The other day I was waiting to get into a side game at the Rio, when a young man asked if he could talk to me alone. I said, "Sure," and we separated ourselves from everyone. Once we were alone he explained that a few nights ago he had
A few years ago I was playing in my favorite game, Omaha 8 or better, when the subject of weight came up. Of course when you talk about weight, you inevitably start discussing weight loss. The next thing you know four guys had made a weight loss bet. We are poker players after all. The bet was to start the next day when Reed Knafel would bring his scale down to the club. We would then all weigh ourselves minus our shoes and jackets, in just our street clothes, and our weights would be noted. Our objective was to lose 10% of our weight by the beginning of the World Series. That gave us several weeks to lose our excess weight.
To say this weight bet taught me a few lessons would be an understatement. First lesson it taught me was to never make a weight loss bet with a fat guy. It is much easier to lose 10% of 280 pounds than it is to lose 10% of 185 pounds. Another factor you have to consider is that a fat guy is used to making bets of this kind and he has much more practice than a moderately overweight guy does. So the bottom line is that me and two of the other three guys, whom I shall put in my category of moderately overweight, were in trouble. The fat guy (who really isn't fat but let's say has a tendency to balloon up) had us right where he wanted us.
The next lesson I learned was that cheaters never win. I went to 7-Eleven, bought $20 worth of quarters, and distributed them amongst my pockets barely even noticeable. Then I bought 2 gigantic diet Pepsi's, which I guzzled down. I would have bought regular Pepsi but I knew in less that an hour I would have to start losing all the extra weight from the sugar in regular Pepsi.
Now I was set. I had the quarters plus all my keys in my pockets and I was filled to the maximum with liquids. I weighed 192 pounds. I had these guys right where I wanted. I only had to lose 19 pounds from 192. My target weight was 173, so I really only had to lose 12 or so pounds.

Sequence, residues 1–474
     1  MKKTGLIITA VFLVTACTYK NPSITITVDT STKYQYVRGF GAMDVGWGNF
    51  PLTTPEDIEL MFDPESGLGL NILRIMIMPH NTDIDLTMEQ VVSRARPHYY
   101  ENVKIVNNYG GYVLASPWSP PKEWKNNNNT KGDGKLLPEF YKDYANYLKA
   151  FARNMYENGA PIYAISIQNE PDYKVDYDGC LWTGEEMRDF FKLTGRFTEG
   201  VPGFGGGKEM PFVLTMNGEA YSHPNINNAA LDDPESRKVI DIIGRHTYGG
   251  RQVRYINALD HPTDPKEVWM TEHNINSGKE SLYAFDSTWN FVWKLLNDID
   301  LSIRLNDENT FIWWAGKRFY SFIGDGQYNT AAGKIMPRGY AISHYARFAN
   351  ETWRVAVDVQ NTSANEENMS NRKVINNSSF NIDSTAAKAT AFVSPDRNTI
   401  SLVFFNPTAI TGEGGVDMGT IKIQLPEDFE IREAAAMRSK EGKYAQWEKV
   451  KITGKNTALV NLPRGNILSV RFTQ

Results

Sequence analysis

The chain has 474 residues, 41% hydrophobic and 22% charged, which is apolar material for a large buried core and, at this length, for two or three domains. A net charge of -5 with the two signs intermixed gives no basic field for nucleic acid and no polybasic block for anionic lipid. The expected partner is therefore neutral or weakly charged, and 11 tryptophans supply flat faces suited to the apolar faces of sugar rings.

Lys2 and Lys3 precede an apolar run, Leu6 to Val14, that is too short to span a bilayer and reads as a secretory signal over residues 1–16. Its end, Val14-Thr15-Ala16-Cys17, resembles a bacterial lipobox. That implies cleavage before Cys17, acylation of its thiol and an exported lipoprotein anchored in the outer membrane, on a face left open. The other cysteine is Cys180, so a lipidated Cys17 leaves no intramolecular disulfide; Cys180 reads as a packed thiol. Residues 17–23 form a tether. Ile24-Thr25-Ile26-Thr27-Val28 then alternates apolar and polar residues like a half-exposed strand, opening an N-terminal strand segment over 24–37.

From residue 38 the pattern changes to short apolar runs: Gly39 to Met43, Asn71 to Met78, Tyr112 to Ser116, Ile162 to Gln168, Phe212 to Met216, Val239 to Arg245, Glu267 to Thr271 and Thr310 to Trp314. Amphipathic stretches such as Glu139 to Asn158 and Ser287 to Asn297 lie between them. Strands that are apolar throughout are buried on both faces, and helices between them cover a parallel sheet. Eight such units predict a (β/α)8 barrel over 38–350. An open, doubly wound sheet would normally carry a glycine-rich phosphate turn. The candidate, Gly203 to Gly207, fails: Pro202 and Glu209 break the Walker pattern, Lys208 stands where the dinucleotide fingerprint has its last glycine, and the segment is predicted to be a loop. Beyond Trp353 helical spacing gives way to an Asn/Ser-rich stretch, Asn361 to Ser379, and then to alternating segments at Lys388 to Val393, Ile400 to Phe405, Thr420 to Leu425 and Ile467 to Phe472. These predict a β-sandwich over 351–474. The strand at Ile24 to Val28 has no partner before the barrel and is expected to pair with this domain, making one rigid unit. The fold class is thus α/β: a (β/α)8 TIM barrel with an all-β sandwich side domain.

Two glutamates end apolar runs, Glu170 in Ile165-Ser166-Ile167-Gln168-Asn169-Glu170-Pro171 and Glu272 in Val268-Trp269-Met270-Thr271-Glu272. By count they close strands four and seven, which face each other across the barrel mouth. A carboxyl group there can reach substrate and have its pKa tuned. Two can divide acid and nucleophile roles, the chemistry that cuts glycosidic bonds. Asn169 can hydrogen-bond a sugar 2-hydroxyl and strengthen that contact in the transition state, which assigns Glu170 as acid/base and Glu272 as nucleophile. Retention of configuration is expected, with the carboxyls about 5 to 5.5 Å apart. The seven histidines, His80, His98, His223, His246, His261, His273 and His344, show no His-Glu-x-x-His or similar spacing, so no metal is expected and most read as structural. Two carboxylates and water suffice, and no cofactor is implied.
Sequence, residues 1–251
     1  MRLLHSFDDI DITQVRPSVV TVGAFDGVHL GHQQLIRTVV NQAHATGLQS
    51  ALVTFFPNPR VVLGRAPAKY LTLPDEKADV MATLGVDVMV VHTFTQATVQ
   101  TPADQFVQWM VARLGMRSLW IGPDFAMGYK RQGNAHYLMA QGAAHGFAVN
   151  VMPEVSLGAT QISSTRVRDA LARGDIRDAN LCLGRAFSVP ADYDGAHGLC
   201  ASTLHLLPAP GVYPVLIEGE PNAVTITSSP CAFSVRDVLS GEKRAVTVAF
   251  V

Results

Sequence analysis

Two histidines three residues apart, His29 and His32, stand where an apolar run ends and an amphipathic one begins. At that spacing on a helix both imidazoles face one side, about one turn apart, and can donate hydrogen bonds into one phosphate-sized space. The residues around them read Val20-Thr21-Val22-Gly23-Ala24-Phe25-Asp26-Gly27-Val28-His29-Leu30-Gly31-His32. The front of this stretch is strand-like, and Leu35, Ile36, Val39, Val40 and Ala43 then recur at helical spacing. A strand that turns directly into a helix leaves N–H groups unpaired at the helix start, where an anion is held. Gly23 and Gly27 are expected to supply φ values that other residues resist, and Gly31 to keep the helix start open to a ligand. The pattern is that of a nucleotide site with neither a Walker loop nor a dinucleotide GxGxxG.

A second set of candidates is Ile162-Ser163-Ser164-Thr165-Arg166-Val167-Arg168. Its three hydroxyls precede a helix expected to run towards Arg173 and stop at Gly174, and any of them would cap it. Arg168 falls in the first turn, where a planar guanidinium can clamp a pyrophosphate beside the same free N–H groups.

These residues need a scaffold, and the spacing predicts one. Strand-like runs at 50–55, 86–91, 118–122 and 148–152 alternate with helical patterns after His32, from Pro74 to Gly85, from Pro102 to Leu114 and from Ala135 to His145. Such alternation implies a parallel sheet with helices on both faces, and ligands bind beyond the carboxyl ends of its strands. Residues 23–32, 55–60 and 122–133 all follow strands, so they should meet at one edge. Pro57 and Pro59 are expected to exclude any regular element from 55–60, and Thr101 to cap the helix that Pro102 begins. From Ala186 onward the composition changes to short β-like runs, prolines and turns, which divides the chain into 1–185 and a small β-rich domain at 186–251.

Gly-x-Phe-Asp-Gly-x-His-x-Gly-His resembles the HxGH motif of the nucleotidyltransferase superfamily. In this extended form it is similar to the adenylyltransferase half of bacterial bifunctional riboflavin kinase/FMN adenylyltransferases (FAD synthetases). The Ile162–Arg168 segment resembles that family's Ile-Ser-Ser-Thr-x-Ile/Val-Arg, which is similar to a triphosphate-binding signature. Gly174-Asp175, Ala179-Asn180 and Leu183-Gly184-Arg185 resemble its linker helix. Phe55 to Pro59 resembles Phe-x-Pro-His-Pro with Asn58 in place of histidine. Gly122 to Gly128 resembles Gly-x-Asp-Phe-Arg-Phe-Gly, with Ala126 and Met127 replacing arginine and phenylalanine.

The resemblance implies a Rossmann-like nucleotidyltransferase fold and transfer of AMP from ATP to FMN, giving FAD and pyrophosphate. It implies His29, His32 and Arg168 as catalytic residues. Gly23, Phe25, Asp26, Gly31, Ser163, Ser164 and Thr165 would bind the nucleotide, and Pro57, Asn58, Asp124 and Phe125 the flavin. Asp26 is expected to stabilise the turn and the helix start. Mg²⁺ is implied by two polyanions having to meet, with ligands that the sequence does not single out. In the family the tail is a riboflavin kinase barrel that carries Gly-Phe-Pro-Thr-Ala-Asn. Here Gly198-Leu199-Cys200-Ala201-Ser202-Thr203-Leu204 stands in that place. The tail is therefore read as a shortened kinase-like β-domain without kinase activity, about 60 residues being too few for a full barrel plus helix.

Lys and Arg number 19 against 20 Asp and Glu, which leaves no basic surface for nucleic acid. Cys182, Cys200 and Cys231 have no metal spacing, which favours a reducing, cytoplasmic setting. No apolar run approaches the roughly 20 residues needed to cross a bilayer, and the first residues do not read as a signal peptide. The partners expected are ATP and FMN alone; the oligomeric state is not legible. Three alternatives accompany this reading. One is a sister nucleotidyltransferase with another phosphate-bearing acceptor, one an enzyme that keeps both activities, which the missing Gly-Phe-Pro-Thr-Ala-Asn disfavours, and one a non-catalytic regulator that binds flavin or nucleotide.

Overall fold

I think the penalty imposed for not making your desired weight was to pay to the other participants $500. It was the perfect amount-not enough to hurt anyone but enough to get your attention if everyone made their weight and you didn't. Since we had several weeks to meet our goals, I didn't see any reason for starting immediately. After all I had cheated, so all I had to lose was 12 pounds and not the 19 pounds that my foes thought.
Needless to say before I knew it the day before the WSOP was upon us. Three of us moderately overweight guys settled with the "sorta" fat guy. I was about three or four pounds away so he was kind enough to settle for $200. Anyway, I couldn't have lost the weight short of cutting off a body part or something, so I was happy.
Actually it did make me lose a few pounds and it only cost me $200. We all hadn't made our weight except one guy so I didn't have to pay anyone else. The guy that made it, a very nice looking guy, looked great. He was at his desired weight and he looked terrific.
I got on the scales this morning and as usual my weight was more than I should be carrying around. I decided right then and there to go to the club and see if I could get down on a weight bet. I learned a lot from that last bet. Mainly that $20 worth of quarters is not nearly enough, and 2 large diet Pepsis isn't either. I'll look terrific at the World Series. Check me out.